Ermak Travel Guide

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Mar Saba Monastery

 

Mar Saba Monastery is one of the earliest Christian monasteries in the World. It is located 17 km (11 mi) East of Bethlehem in Israel.

 

 

 

Location: 17 km (11 mi) East of Bethlehem  Map

Tel. (02) 277 3135

Open 8am- 5pm daily

No women allowed!

 

 

 

Description of Mar Saba Monastery

 

Mar Saba Monastery as it is locally known in Arabic is also known as the Holy Lavra of Saint Sabbas the Sanctified or simply Convent or Monastery of Saint Sabba. It is an enormous Greek Orthodox Monastery. Unlike many other religious complexes in the Middle East, Mar Saba Monastery was not completely demolished and many of its original parts have preserved despite centuries of erosion. The first such things are the towers of Justinian that is the first thing that you see when you approach the abbey. These military fortifications were constructed in the 5th century AD using donations of the great Byzantine Emperor Justinian I.

 

First monks escaped to these lands during Roman persecutions of Christians in the 3rd and 4th centuries AD, however these settlements were sporadic and disorganised. Mar Saba Monastery was officially found in 483 by Sabbas the Santified of Mutalaska that came here from Cappadocia in Turkey. He settled in the Judean Desert and constructed a church in a natural cave. His students began to settle in nearby caves as well. Around this time Emperor Justinian sent large sums of money to construct first walls and towers for the defense of the Christian community here. Records state that by the end of life Saint Sabbas (Saint Sava) the monastery had over 5000 monks.

 

Unfortunately Mar Saba Monastery didn't escape the fate of other monasteries and cities in the region. In 614 hordes of Persian invaders swept through the region. They killed most of people they encountered including the monks who lived here. Those who survived the massacre by hiding in the caves and crevices around the monastery returned and burried their bretheren in a tomb that is still preserved. Introductory chapter of "Pandects" are dedicated to martyrdom of Mar Saba Monastery monks that was witnessed by Antioch Palestinian.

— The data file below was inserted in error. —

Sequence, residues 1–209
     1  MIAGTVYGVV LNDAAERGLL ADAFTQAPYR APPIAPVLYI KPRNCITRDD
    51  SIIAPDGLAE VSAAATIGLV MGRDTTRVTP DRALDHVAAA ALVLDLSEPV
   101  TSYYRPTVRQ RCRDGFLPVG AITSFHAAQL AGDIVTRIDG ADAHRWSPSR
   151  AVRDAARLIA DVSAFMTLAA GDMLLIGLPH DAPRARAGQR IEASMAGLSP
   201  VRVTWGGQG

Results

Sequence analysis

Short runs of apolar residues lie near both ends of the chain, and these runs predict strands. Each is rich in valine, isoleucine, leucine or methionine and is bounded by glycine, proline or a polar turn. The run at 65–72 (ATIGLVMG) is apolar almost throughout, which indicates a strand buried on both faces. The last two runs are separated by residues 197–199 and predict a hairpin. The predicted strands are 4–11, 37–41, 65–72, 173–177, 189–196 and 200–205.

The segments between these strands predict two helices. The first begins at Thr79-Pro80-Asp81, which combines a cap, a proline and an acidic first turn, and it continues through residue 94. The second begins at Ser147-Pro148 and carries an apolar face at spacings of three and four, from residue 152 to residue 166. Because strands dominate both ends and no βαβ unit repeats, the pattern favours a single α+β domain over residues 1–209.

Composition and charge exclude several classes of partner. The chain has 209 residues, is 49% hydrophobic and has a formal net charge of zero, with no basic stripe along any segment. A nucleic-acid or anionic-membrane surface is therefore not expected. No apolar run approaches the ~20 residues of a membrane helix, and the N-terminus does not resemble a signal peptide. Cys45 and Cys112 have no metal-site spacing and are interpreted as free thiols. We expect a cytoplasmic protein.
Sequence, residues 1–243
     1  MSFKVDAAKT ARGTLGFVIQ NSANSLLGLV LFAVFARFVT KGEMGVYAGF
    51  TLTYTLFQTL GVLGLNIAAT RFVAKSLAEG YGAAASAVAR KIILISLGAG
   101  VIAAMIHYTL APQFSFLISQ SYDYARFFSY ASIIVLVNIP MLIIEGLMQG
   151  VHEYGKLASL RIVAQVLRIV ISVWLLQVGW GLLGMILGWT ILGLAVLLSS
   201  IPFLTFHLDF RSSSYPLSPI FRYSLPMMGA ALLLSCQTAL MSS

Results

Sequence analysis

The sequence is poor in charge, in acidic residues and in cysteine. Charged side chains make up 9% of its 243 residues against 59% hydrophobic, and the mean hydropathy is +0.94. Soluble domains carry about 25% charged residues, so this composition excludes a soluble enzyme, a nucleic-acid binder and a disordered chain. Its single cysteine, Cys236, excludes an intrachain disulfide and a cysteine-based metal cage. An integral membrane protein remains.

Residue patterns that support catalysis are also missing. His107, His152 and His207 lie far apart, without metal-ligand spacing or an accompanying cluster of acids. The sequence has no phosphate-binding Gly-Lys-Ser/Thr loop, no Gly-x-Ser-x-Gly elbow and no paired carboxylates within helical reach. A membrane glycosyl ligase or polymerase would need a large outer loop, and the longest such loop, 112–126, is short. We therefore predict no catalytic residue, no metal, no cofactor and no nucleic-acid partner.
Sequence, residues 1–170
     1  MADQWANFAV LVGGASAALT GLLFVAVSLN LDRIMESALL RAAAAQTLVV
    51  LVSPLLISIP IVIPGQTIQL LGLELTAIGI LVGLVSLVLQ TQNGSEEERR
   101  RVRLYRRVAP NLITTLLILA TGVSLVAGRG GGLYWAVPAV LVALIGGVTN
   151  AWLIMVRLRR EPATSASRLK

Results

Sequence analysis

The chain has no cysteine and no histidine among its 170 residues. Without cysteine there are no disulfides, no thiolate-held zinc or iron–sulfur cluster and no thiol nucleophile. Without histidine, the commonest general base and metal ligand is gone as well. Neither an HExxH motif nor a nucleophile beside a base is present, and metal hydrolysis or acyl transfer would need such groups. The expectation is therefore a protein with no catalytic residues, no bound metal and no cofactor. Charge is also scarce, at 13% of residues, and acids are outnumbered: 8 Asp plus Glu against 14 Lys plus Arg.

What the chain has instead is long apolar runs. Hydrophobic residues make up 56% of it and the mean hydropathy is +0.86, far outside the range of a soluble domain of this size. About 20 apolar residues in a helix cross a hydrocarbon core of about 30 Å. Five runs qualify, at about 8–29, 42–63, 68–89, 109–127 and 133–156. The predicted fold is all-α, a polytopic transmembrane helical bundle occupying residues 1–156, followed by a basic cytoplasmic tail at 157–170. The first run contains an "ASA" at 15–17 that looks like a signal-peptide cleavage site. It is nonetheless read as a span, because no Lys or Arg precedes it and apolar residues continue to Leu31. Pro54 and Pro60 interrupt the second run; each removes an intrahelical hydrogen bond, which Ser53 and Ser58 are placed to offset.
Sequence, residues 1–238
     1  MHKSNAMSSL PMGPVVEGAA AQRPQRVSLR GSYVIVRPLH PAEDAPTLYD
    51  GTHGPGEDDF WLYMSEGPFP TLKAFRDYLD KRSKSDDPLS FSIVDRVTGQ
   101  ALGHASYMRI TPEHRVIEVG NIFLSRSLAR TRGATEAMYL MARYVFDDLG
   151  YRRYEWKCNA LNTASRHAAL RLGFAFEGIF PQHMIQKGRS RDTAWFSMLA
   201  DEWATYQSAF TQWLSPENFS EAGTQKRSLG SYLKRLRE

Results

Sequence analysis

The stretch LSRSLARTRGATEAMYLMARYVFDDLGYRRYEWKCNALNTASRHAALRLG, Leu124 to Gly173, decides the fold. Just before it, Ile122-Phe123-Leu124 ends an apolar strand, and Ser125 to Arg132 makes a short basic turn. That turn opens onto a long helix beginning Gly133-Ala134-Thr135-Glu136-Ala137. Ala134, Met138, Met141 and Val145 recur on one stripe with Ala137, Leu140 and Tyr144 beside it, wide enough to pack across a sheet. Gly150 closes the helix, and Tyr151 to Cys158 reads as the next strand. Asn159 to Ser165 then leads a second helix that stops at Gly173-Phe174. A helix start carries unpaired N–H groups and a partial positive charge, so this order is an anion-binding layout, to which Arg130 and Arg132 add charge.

In the 8th century Mar Saba Monastery became home to Saint John Damscene (From Damascus in Syria) who lived here for about 50 years. He became a famous writer and philosopher of the Eastern Orthodox Church. The cave where he lived as well as his tomb is still preserved and can be accessed with the permission of the monks who live here.

 

At the beginning of the 12th century Mar Saba Monastery was visited by the Russian pilgrim Abbot Daniel who left a detailed account about the community here:

 

Lavra of Saint Sava (Saba) is located in the valley of Jehoshaphat, in the vale of tears, which starts from Jerusalem, going from Gethsemane, the valley passes through the monastery and reaches the Sea of Sodom (The Dead Sea). Lavra of Saint Sava was arranged by God in a wonderful and inexpressible in words. Tech stream that once was terrible and very deep now dried out. Its cliffs are high and on those cliffs brothers built their cells on both sides of the gorge like the stars in the sky. There are three churches. Among the cells of the West there is wonderful cave under a rock stone and this cave houses a cave church of Saint Mary.

 

Keep in mind that Mar Saba Monastery has restrictions for outsiders and particularly women. Mar Saba is a male monastery so women are not allowed on most of the area. The only place where they can enter is so called Women's Tower near the main entrance to the religious complex.

 

 

Layout of Mar Saba Monastery

Layout of Mar Saba Monastery

1. Church of Saint Nicholas

2. Treasury

3. Ossuary

4. Baptistery

5. Chapel, resting place of Saint Sava (Saba)

6. Courtyard with burial loculi

7. Cathedral of the Annunciation

8. Treasury

9. North Chapel

10. Narthex

11.Staircase to the upper entrance of the monastery

12. Passageway to the North part of the monastery

13. Staircase to the refectory

14. Staircase to the lookout

15. Passageway to the South cells

 

 

 

 

 

 

 

 

 

 

 

 

 

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